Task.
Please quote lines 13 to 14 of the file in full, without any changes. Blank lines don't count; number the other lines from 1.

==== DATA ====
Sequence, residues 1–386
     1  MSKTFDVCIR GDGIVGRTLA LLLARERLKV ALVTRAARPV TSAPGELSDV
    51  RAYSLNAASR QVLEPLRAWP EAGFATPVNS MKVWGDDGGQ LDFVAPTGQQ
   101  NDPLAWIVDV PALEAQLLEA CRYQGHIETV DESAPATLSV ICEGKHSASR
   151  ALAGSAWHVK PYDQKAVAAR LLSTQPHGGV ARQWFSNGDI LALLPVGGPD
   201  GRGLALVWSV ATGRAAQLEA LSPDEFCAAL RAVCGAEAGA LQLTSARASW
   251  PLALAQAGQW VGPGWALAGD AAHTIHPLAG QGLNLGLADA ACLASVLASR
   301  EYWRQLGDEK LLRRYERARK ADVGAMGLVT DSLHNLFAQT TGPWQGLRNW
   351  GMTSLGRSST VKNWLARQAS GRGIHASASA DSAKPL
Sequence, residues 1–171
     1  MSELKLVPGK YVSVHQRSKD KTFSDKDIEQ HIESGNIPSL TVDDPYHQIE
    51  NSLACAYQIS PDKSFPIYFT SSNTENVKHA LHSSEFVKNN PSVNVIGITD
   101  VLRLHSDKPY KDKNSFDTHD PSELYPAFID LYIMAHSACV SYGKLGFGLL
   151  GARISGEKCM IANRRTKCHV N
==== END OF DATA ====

   101  VLRLHSDKPY KDKNSFDTHD PSELYPAFID LYIMAHSACV SYGKLGFGLL
   151  GARISGEKCM IANRRTKCHV N